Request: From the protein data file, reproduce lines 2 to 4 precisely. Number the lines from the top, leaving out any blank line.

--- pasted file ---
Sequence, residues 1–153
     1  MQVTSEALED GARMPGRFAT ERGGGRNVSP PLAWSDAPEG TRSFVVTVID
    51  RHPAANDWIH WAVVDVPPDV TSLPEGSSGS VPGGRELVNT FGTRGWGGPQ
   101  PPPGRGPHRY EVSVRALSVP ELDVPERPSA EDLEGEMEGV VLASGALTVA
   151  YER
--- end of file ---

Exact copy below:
     1  MQVTSEALED GARMPGRFAT ERGGGRNVSP PLAWSDAPEG TRSFVVTVID
    51  RHPAANDWIH WAVVDVPPDV TSLPEGSSGS VPGGRELVNT FGTRGWGGPQ
   101  PPPGRGPHRY EVSVRALSVP ELDVPERPSA EDLEGEMEGV VLASGALTVA